This focus on best practices means that when OCR is investigating a HIPAA violation, they’re going to first determine if a provider has taken reasonable steps to implement cybersecurity best practices over the 12 months before the breach occur. It also means that HHS can reduce the length and depth of an audit, if those best practices were observed.
The concept of “best practices” refers to the National Institute for Standards and Technology (NIST) Cybersecurity Framework. First developed by the U.S. Federal Government for protecting critical national infrastructure, government agencies and healthcare providers now rely on NIST to ensure the efficacy of their cybersecurity efforts.
To keep your HIPAA program consistent with these updates, now is a good time to perform an audit of your technology, ensuring that it’s aligned with the security controls outlined in NIST. Broadly, that includes touching on NIST’s 5 core functions.
A deep analysis of your network environment, focusing on the systems and assets that contain or transmit ePHI. The identify phase helps ensure that policies around data governance and asset management are supported by a risk management plan that supports HIPAA compliance.
With a clear picture of your cyber risks, your team can design security controls, information protection processes, and training programs to help lower your compliance risk. This phase also means integrating the best security technologies into your defenses.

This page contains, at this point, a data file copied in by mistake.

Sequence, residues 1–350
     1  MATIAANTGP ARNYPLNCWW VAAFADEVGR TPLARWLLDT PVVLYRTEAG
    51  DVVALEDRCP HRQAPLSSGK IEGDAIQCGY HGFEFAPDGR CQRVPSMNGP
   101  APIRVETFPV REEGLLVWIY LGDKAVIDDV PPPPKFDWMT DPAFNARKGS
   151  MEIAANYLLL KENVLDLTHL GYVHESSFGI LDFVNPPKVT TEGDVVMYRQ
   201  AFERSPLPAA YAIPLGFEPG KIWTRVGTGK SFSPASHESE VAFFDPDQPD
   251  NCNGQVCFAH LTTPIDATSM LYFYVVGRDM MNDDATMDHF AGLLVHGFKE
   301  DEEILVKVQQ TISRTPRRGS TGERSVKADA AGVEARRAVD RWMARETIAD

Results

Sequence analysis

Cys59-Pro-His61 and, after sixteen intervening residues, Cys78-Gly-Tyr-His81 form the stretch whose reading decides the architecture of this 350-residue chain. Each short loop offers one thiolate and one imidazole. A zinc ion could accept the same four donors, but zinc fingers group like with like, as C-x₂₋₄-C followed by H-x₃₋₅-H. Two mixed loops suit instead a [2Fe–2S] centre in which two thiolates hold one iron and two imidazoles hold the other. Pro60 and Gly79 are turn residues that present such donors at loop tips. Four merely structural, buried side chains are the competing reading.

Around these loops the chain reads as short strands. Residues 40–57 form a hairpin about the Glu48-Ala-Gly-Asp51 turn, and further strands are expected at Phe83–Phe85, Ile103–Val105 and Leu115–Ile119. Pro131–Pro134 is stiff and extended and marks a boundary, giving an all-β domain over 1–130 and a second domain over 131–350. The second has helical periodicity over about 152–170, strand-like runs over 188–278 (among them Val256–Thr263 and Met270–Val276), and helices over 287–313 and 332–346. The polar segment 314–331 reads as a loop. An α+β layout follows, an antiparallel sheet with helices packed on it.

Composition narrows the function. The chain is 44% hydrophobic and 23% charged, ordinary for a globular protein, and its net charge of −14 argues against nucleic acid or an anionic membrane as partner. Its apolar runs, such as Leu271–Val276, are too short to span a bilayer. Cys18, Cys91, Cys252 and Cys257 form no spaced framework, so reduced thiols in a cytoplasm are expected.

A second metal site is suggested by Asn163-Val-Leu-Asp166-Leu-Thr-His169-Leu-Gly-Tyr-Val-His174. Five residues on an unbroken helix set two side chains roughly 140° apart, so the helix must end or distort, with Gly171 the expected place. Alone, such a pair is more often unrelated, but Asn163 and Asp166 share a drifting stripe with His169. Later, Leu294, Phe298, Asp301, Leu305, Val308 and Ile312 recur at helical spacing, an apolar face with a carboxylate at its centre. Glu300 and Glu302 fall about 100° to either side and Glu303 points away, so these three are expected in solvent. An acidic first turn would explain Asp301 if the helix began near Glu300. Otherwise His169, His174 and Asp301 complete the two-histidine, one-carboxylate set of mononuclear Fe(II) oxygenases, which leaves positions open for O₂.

The ability to identify external threats to your organization’s ePHI involves having not just the tools, but also documented security procedures for detecting suspicious activity and monitoring the health of your systems.
Your organizations ability to identify and detect threats is critical to protecting ePHI, but you must also have a clear plan for containing the impact of a cybersecurity incident. This not only mitigates damage but provides information for making continuous improvements.
Your organization should also have a documented plan for recovering any systems that have been impaired by a cybersecurity incident and update those plans as your technology evolves.
According to the OCR, 94% of covered entities and 88% of business associates are failing the Risk Management section of the HIPAA audit.
HIPAA Paves the Way for Telehealth
During the COVID-19 pandemic, telehealth moved into the mainstream, as patients and providers alike sought to avoid the congestion and possible transmission related to office and hospital visits. In the early days of the COVID-19 pandemic, the Federal Government launched a historic expansion of telehealth, allowing providers to use applications like Zoom, Google Hangouts, and Facebook Messenger without a Business Associates Agreement (BAA).
As we emerge from the pandemic, now is a good time to review your telehealth systems and prepare for stricter regulation. Here are some steps you can take to ensure long-term HIPAA compliance during telehealth:
- Create processes for gathering patient consent.
- Implement encryption to secure ePHI transmitted during telehealth.
- Ensure all telehealth vendors are aware of HIPAA’s new stipulations.
Speak with Ohio’s HIPAA and Compliance Partner
For decades the Astute Technology Management team has been helping doctor’s offices, clinics, and ambulatory surgery centers in Columbus, Cincinnati, and central Ohio manage and streamline their HIPAA compliance programs. Have a question for our friendly team? We’re here to help any time.